# Timer Interrupt Collision

I am working with a MEGA2560 trying to implement velocity ramps for three steppers at the same time. The goal is to move to different positions applying accelerations and decelerations while finishing all of them at the same time.

In order to do so, from the distances to move of each of the motors, I calculate the amount of steps to do and the velocities for each of those steps in order to ensure that all the motors finish at the same time. For so, I use timers 3, 4 and 5 in compare mode. This way, at each interruption, I make the motors do one step and, after that, I set the new compare value for the timer in order to reach the new velocity to move at.

My problem is that, at some point, my interruptions crash and one of the motors stops working. This only happens under one condition: when motor 1 has to do 18 steps and motor 2, 34. In this case, both motors 1 and 3 finish but motor 2 gets stuck and does not move any more. Although, if its motor 1 who has to do 34 steps and motor 2, 18, everything works. Motor 1 is related to timer 3 and motor 2 to timer 4. This makes me think this must be related to the priorities of the interruptions.

In the following code you can see my interruptions:

``````ISR(TIMER3_COMPA_vect) {
m1_step();
m1_steps_done++;
m1_configure_vel();
}
ISR(TIMER4_COMPA_vect) {
m2_step();
m2_steps_done++;
m2_configure_vel();
}
ISR(TIMER5_COMPA_vect) {
m3_step();
m3_steps_done++;
m3_configure_vel();
}
``````

While, in the velocity configuration I have:

``````
void m1_configure_vel() {

if (m1_steps_done < m1_acceleration_steps) {
m1_temp_vel = m1_temp_vel + acceleration;
}
else if (m1_steps_done <= (m1_steps - m1_acceleration_steps)) {
m1_temp_vel = m1_temp_vel;
}
else if (m1_steps_done < m1_steps) {
m1_temp_vel = m1_temp_vel - acceleration;
}
else {
m1_temp_vel = 0;
m1_finished = true;
}
if (m1_temp_vel <=0){
m1_temp_vel = 0;
}

OCR3A = frequency_to_compare_value(m1_temp_vel);
}
``````

As you can see, all I do here is, depending on the steps done by the motor and the amount of steps to do, I increase, maintain or decrease the motor's velocity and set the compare value for the timer.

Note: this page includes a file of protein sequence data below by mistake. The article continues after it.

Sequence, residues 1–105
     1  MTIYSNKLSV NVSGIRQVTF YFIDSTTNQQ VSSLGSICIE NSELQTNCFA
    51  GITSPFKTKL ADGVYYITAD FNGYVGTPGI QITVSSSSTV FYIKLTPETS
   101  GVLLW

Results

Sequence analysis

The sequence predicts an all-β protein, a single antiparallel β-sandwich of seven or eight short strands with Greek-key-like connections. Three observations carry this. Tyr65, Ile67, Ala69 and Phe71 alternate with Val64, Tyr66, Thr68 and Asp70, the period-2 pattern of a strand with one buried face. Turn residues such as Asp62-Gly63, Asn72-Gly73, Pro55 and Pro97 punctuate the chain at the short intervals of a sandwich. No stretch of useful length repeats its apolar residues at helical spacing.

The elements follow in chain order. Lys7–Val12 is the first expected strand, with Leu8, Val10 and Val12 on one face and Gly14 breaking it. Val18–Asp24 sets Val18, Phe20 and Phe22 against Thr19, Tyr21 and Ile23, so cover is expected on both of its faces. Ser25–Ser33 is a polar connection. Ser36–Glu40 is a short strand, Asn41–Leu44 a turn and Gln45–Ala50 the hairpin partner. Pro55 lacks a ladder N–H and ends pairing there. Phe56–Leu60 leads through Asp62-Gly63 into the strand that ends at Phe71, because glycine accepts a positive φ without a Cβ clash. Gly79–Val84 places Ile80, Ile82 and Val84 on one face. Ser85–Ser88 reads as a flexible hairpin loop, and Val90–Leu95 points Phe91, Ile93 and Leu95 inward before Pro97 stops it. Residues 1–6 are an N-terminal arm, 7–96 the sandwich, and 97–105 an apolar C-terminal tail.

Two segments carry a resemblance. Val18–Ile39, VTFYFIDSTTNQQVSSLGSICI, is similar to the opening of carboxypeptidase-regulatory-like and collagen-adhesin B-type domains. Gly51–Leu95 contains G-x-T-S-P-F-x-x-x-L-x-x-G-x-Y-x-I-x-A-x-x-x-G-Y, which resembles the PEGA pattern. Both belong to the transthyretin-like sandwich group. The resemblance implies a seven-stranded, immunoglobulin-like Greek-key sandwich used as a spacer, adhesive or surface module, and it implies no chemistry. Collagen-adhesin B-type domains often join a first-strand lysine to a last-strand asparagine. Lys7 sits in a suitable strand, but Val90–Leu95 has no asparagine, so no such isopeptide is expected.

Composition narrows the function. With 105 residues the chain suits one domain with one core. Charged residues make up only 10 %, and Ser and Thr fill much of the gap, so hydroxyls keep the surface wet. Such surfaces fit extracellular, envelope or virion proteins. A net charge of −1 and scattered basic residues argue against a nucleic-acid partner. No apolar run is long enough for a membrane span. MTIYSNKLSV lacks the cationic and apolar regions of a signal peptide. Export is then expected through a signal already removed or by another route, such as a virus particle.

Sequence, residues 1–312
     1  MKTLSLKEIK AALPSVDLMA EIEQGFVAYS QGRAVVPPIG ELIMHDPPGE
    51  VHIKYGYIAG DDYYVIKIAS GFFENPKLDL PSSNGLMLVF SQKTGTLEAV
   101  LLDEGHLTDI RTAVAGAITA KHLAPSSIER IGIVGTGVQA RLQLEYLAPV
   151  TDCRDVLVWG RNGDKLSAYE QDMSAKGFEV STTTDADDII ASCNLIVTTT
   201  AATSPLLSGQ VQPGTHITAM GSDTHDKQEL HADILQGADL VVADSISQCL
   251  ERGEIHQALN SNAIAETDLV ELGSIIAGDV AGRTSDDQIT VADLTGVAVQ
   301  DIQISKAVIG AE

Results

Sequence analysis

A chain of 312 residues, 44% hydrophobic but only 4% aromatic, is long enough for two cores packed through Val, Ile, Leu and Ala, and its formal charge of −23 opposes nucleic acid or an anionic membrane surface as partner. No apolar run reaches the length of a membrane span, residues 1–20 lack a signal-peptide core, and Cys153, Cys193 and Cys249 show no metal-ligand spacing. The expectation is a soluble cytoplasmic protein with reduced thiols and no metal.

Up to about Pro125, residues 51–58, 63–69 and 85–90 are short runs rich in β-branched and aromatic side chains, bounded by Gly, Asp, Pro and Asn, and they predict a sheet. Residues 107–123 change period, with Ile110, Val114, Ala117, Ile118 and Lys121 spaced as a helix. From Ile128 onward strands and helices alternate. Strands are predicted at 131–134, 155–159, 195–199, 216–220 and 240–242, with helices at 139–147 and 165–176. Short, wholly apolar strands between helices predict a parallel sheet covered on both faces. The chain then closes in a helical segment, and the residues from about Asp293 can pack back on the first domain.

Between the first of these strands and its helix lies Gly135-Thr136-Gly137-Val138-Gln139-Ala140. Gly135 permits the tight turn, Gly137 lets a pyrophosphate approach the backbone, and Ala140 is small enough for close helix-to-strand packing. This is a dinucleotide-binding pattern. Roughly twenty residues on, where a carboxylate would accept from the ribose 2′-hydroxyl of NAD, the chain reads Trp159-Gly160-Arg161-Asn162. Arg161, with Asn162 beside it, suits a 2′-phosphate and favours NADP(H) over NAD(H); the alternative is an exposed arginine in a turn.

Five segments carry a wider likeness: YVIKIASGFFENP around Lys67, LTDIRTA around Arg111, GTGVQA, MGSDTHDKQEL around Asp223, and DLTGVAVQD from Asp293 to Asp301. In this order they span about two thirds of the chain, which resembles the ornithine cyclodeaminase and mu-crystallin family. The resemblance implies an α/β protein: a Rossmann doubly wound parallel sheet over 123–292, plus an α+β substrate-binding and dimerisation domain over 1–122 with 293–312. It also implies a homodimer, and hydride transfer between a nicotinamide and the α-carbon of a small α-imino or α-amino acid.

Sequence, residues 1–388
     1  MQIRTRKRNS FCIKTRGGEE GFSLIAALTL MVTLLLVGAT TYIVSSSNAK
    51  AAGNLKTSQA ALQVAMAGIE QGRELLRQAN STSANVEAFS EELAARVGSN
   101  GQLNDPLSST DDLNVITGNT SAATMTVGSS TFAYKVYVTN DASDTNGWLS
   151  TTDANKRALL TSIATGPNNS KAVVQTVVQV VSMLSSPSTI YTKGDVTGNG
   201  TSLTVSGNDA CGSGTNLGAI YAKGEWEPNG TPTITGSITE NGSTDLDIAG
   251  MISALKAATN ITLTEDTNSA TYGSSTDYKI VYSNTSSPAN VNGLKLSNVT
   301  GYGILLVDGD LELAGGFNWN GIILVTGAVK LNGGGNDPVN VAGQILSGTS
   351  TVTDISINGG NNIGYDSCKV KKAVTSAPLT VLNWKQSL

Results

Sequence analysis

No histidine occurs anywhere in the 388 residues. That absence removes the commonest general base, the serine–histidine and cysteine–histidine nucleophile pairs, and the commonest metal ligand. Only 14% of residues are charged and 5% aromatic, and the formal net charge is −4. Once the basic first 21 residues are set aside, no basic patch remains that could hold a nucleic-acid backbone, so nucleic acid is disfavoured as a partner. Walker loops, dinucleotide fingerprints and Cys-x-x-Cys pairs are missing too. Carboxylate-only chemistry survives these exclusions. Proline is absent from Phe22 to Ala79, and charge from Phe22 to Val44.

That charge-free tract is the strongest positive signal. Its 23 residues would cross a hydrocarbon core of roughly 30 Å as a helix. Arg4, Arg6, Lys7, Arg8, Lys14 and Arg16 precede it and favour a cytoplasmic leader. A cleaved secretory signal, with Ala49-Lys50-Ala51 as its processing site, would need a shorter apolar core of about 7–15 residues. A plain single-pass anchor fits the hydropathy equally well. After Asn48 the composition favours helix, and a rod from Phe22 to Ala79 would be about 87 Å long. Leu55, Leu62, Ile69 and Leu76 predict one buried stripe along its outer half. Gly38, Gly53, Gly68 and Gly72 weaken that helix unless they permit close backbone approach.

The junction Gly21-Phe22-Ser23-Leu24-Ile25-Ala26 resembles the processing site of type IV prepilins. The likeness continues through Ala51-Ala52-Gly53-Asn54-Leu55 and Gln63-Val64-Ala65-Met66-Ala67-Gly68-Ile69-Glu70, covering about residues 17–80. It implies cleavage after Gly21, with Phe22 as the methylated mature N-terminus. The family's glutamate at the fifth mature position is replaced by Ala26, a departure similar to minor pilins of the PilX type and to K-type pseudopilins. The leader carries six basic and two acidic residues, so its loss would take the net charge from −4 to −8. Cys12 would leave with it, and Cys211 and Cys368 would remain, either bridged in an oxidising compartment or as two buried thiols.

The whole thing is that this code works fine, the ramps are calculated properly and motors move correctly. The problem is that, under the condition I explained before, interruptions may collide due to their priorities and one of them just stops to happen.

I was wondering if anyone had any idea or have faced something like this before.

• Thats a weird problem. As I know, there is no interrupt priority on AVR chips. If an interrupt happens, while another ISR is currently running, the corresponding flag is set and the ISR execution will happen after the first ISR finishes. Do you have access to an oscilloscope or a logic analyzer? It might be good to check, if the expected signal is getting outputted on the motor2 pin. Maybe there is a hardware problem. Or are you having any code, that might use one of the timers? Feb 25, 2021 at 10:45
• Thanks for your response @chrisl . I discard hardware problems since the whole system does work in all other situations. I have now tried to change the prescaler of the timers. They were set to 1 but now I have configured them to 8, so timers how a frequency of 2MHz now. Surprisingly, the system does not fail now, the whole sequence is done with no errors and none of the interruptions freeze. I suppose that by reducing the timers' frequency, they may now be working under less "pressure" so that they may not be hitting each other. Feb 25, 2021 at 13:02
• @chrisl There is what is called "natural priority" - each intrerupt has a number, and they are checked in sequence - interrupts with lower numbers happen before those with higher numbers. If a lower numbered interrupt re-occurs before the higher numbered one has a chance to run it will be responded to in preference to that higher numbered one. Which is why ISRs need to be as short as possible. Feb 25, 2021 at 13:02
• @Majenko I have implemented these timer interruptions at a frequency way higher than the one the crash I mentioned before happens. When this situation happens and my interruptions stop, none of them have a frequency higher than 500Hz, while, with the same code, they can make simultaneous movements at 4kHz. With this I mean that my code inside interruptions doesn't last enough for not letting other interruptions to happen. In my critical case, the ISR frequencies are low enough to run all the code inside but, with no sense, one of them simply gets stuck. Feb 25, 2021 at 13:08
• @Majenko Oh, interessting. Didn't know that, thanks :) Feb 25, 2021 at 13:30

## 2 Answers

I think the problem is being caused by the size of your ISR's. When using ISR's, it's important to make the code as short as possible and you should certainly avoid using any functions!

I would change each of your ISRs to:

``````ISR(TIMER3_COMPA_vect) {
m1_steps_done++;
}
ISR(TIMER4_COMPA_vect) {
m2_steps_done++;
}
ISR(TIMER5_COMPA_vect) {
m3_steps_done++;
}
``````

then, in the main loop of your code, you can change it so that if m1_steps_done, or m2_steps_done or m3_steps_done has increased, execute the step and configure functions

Another approach might be to use a single timer instead of 3 separate ones. Maintain 3 software counters and increment all of them on each interrupt, with separate limit tests and resets. This will be slightly slower, but there will be no possibility of collisions.